CoffeeBeer >> Double Shot Buzz >> Previous Coffee Columns >> Gusto Italiano
I was sad to notice that one of my favourite Sheffield cafes, FOB, had ceased to exist. In its place had sprouted a new cafe which I fully intended to visit. But before I knew it, that cafe had also become extinct.
I didn't have to wait too long before the cafe reopened as Gusto Italiano. After a recommendation from a reader I decided to try it out.
Gusto Italiano's layout is not that different from FOB's, although it feels just a little bit roomer. This could well be an optical illusion created by the layout, style, and particular feng shui of chairs and tables, because the cafe itself is the same size as before. After being warmly greeted by the young lady behind the counter I seated myself on a very comfy leather sofa near the window. The pleasant young lady brought my double macchiato to me in a perfectly sized cup along with a demitasse spoon, a small chocolate, and a glass of ice water, prompting me to be so bold as to give the place an A+ for service. The coffee they use, Cáffe Mokarabia, is very silky smooth, so ultra smooth that normally I would be a bit disappointed because I do like a strong robust bean. But I have to admit my drink was perfectly made, absolutely gorgeous to look at, and it tasted very very nice as well.
The food menu is tempting, featuring a variety of panini all priced at £3.95, salads, pizza slices, and several hot mains including aubergine Parmesan, lasagne, and specials of the day. Snack items are also available, such as olives and bread, along with wine and Peroni beer. Italian deli items such as dried pasta, sauces, vinegars, and oils are displayed for sale behind the bar. The cafe is run by Esterina Celva and Bruno Saverio, both former employees of Nonna's in Ecclesall Road.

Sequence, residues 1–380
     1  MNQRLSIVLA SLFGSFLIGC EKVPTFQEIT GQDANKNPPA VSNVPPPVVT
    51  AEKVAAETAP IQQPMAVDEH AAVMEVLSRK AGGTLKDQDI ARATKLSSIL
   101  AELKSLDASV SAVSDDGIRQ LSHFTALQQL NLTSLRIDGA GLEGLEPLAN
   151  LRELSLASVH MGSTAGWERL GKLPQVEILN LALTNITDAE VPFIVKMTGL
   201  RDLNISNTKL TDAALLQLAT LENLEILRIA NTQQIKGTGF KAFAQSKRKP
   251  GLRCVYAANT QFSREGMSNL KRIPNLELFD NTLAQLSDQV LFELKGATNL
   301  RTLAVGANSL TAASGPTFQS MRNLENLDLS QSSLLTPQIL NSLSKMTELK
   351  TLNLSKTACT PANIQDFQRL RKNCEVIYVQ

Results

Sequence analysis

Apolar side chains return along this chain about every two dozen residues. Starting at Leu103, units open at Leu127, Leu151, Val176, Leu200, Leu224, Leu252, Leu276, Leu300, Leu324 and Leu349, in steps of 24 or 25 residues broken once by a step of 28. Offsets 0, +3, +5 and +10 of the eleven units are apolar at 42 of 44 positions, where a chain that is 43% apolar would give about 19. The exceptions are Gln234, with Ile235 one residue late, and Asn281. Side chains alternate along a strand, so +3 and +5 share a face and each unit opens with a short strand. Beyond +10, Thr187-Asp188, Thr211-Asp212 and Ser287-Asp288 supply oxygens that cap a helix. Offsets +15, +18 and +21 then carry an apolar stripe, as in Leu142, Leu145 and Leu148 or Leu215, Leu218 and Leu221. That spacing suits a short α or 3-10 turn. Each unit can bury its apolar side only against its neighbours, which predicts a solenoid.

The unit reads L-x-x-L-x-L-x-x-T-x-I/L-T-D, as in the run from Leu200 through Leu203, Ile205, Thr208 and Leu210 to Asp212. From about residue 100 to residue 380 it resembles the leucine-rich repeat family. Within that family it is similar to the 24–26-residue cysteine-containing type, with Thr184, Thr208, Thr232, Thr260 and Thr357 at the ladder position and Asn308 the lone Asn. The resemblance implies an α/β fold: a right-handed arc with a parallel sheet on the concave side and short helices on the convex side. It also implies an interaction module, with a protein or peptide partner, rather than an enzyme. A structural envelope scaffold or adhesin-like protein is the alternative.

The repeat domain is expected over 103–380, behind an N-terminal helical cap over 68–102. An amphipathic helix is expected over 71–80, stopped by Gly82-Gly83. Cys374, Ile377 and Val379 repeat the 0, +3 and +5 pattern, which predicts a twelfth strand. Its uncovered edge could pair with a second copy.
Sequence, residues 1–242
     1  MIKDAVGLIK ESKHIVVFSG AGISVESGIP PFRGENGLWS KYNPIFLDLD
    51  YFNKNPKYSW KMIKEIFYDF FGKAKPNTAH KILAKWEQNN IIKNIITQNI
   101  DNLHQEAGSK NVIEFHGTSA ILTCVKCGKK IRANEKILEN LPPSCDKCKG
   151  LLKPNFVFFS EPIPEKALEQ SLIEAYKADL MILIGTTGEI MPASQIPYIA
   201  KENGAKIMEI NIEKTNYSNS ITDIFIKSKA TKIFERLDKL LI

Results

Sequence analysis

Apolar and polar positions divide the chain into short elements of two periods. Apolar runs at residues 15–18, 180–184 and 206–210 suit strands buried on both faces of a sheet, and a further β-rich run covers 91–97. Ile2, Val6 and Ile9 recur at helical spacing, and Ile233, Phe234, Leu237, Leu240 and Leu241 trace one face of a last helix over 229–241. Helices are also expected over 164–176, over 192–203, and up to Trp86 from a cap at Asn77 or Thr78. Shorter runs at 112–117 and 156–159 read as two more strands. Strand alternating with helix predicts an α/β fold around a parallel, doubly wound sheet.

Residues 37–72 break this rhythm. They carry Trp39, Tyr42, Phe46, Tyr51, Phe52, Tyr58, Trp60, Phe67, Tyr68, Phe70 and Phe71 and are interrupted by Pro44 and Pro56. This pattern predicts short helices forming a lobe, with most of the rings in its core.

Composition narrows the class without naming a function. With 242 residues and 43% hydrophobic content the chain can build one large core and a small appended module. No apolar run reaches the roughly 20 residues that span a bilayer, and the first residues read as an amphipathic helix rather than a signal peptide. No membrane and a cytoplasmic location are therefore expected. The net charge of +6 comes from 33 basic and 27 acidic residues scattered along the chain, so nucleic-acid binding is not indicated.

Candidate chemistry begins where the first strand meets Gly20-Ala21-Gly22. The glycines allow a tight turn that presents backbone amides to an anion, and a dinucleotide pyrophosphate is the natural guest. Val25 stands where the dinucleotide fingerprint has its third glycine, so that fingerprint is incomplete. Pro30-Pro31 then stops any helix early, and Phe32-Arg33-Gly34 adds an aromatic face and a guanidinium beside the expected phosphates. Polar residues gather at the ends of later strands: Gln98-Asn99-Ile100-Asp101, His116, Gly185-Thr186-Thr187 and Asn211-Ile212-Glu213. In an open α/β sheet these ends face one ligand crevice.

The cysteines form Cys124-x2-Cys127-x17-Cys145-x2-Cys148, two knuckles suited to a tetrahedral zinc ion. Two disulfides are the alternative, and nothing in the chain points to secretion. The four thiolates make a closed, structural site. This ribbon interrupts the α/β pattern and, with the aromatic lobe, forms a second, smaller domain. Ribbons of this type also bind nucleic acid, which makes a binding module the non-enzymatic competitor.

From my increasingly comfy nest of a leather sofa I enjoyed the late afternoon view of the street outside, with the passing trams and buses and Pirates Pastys and Horizon Recruitment across the street. There is a low-profile counter with stools directly in the window, so you can have an as-if-you-were-out-there view of the pavement. Wait a minute -- did I just see Omad Djalili walk by?
No, it's probably just a dream and I've fallen asleep in this lovely sofa. Perhaps I've been asleep all afternoon, because there is something very strange about the time. I left work a short walk away at 3:05. I took a quick tour through the Millennium Gallery, then I strolled through the Winter Garden, and then I spent a little while in the Graves Art Gallery. When I left the gallery I noticed the clock said 2:55. Startled, I checked my mobile: it was 3:38 which seemed more logical. So I stopped in Wicker Herbal to buy some nuts, and then I walked up to Fargate and made a stop in a bank, where the wait is always torturously slow whether there are one or twelve people in the queue. Then I walked down the street to Gusto Italiano, ordered my drink, sat down, and looked up at the clock: it was 2:55 again!
Even though time keeps jerking backwards like the stripped cog of a worn-out gear, I feel so relaxed. I suspect this is because although this is a cafe in the trendy hideously overpriced West Street (which is what everybody calls Church Street because it's basically the same as West Street, unless you want to call it the High Street or Glossop Road), it offers a special sort of validity, as if it's run with genuine love. There's a bit of magic here as well. If I sit here until it's 2:55 again, will I find myself in ancient Japan? Or perhaps Italy in the 1920s?
Guess I'll have to order another macchiato and see what happens...
Speaking of time travel reminds me of a recent completely unrelated e-mail exchange with my Bay Area friend:As the news coming from my family has not been very good lately, I'm trying to keep my wits about me. So here are some interesting items I've read in the UK news: